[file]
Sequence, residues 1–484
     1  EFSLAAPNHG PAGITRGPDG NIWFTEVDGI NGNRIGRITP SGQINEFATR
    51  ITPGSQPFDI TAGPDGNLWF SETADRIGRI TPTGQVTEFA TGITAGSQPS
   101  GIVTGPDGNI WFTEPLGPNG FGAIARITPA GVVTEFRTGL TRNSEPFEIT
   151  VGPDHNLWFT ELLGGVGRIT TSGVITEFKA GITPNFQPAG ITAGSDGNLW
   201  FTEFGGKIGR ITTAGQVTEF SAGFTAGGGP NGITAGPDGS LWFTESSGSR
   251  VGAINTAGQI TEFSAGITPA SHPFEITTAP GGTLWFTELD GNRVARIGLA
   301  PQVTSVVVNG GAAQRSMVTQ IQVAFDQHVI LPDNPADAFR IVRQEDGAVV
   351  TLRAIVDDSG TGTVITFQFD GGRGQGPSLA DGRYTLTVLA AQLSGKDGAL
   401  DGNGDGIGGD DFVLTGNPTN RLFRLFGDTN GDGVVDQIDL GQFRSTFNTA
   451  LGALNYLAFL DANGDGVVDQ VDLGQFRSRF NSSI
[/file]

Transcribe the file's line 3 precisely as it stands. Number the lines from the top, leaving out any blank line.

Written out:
    51  ITPGSQPFDI TAGPDGNLWF SETADRIGRI TPTGQVTEFA TGITAGSQPS